Scallop row escalates after French fishermen net  bluefin tuna off UK

Tensions escalate in scallop wars row after French fishermen venture into British waters to net 44 bluefin tuna their UK rivals are BANNED from catching

  • Normandy-based boat grabbed 44 bluefin tuna in British waters off Jersey 
  • British fisherman must thrown them back but some EU nations can keep them 
  • Rows between French and British fishermen boiled over last week in the Channel
  • Rocks and bottles were thrown between vessels and emergency flares fired   

The battle between British and French fisherman escalated again today after Gallic trawlers grabbed a giant haul of bluefin tuna off Jersey that their UK rivals must throw back.

Two boats based in Normandy grabbed 44 of the valuable fish while hunting for bream off the Channel Islands.

The tuna, each weighing between 50kg and 120kg and worth more than £100,000 in total, were then brought ashore at Granville in France to be sold.  

Footage from a week ago showed French crews throwing stones and smoke bombs onto British ships in a row over scallops and now there is a row over tuna

Only a small number of EU countries can fish for bluefin tuna and France can get them in UK waters but British boats cannot

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Atlantic bluefin tuna stocks are managed by the International Commission for the Conservation of Atlantic Tunas (ICCAT).

Why can the French fish bluefin tuna when Britain are banned?

There is an EU quota on fishing for bluefin tuna which last year was set at 13,451.4 tonnes.

The member states actively involved in the bluefin tuna fishery are Spain, France, Croatia, Italy, Greece, Portugal, Malta and Cyprus.

UK fishermen have no quota.

The bluefin tuna fishery is regulated by the International Commission for the Conservation of Atlantic Tunas (ICCAT).

ICAAT have been contacted for comment.

Phil Treblicock, 64, a fisherman from Newquay, Cornwall, said it was an unfair arrangement.

He added: ‘I’ve never caught them – there are some about but there’s a total ban.

‘They shouldn’t be allowed if we’re not – it doesn’t seem fair.

‘It goes against the grain a bit.

‘We aren’t going to do anything out selves, all we can do is go through the proper channels like the British do.’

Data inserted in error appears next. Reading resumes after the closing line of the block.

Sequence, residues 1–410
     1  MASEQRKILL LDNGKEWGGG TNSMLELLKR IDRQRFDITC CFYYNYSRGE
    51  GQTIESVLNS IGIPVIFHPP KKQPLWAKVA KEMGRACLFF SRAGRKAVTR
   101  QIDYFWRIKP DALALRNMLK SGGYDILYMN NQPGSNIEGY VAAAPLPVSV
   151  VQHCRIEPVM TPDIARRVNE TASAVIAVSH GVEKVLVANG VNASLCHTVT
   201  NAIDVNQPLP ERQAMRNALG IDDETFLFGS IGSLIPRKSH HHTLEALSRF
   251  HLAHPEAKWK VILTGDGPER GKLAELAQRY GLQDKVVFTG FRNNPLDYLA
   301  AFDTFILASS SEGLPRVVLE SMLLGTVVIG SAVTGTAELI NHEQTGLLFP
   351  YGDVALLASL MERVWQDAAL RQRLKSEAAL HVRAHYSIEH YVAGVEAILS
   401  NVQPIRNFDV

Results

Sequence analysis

French fishermen are allowed to keep bluefin tuna while their British counterparts are banned from doing it. 

The bluefins are usually only found in the Bay of Biscay and Mediterranean but rising water temperatures are sending more into UK waters.

The UK has no specific quota to catch bluefin tuna but France, Spain, Croatia, Italy, Greece, Portugal, Malta and Cyprus do. 

The new row came as British boats pledged to return to the French coast a week after they fought a Trafalgar-style battle in the English Channel over alleged ‘scallop pillaging’.

Derek Meredith, of Brixham, Devon, owner of two boats damaged in the scallop attack by the French last week, said the tuna rules are another example of how unfair the quota system was for British fishermen.

He said: ‘It is not an equal playing field but sounds about right for the way the French behave.

‘They also have 80 per cent of our cod quota. They just want it all their own way.

‘Negotiations should benefit everyone equally and we abide by whatever hand we get dealt. Some stuff we don’t like but we have to live with it and we don’t go out and retaliate.

‘How can it be fair that they come into our waters and are allowed to catch tuna, but we aren’t.

‘It is an unfair situation all around. We are policed by our authorities and they seem to be able to just do what they want.’

Devon fisherman Nathan Clark shows the damage done to his ship in the nighttime ‘battle’ last week

Derek said the crew members of his onboard the Golden Promise and Joanna C that were attacked with firebombs and various throwing objects by the French last week were shaken up but they had all now returned to work and were back out fishing.

Michael Gove tells the French to stop the fishermen terrorising British trawler-men in the scallop wars

Michael Gove (pictured outside Downing Street in May) said that the French authorities must crack down on the terrorising behaviour 

Michael Gove has backed British fishermen in the scallop wars – and told the French to bring order to their waters.

The Environment Secretary hit out at the ‘terrible’ scenes British fishermen have been subjected to in the Channel.

And he said it is clear that the British fishermen have every right to fish there. 

He said: ‘My heart goes out to the British fishermen who were caught up in the terrible scenes that we saw happen earlier this week.